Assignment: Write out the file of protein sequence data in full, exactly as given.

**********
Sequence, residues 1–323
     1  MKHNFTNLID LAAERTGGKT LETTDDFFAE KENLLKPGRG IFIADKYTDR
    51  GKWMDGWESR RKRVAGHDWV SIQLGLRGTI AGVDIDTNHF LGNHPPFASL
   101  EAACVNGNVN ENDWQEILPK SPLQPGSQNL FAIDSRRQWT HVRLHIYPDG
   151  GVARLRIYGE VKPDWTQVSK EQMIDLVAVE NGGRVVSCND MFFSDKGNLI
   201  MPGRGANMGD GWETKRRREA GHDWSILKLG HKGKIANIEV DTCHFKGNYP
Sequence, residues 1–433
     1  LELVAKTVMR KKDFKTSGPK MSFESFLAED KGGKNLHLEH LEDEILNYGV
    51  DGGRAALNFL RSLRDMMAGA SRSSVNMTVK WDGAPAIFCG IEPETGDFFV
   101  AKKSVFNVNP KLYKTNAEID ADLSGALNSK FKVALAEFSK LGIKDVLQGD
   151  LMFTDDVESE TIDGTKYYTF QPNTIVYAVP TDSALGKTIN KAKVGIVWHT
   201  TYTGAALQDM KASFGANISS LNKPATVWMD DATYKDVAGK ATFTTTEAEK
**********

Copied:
Sequence, residues 1–323
     1  MKHNFTNLID LAAERTGGKT LETTDDFFAE KENLLKPGRG IFIADKYTDR
    51  GKWMDGWESR RKRVAGHDWV SIQLGLRGTI AGVDIDTNHF LGNHPPFASL
   101  EAACVNGNVN ENDWQEILPK SPLQPGSQNL FAIDSRRQWT HVRLHIYPDG
   151  GVARLRIYGE VKPDWTQVSK EQMIDLVAVE NGGRVVSCND MFFSDKGNLI
   201  MPGRGANMGD GWETKRRREA GHDWSILKLG HKGKIANIEV DTCHFKGNYP
Sequence, residues 1–433
     1  LELVAKTVMR KKDFKTSGPK MSFESFLAED KGGKNLHLEH LEDEILNYGV
    51  DGGRAALNFL RSLRDMMAGA SRSSVNMTVK WDGAPAIFCG IEPETGDFFV
   101  AKKSVFNVNP KLYKTNAEID ADLSGALNSK FKVALAEFSK LGIKDVLQGD
   151  LMFTDDVESE TIDGTKYYTF QPNTIVYAVP TDSALGKTIN KAKVGIVWHT
   201  TYTGAALQDM KASFGANISS LNKPATVWMD DATYKDVAGK ATFTTTEAEK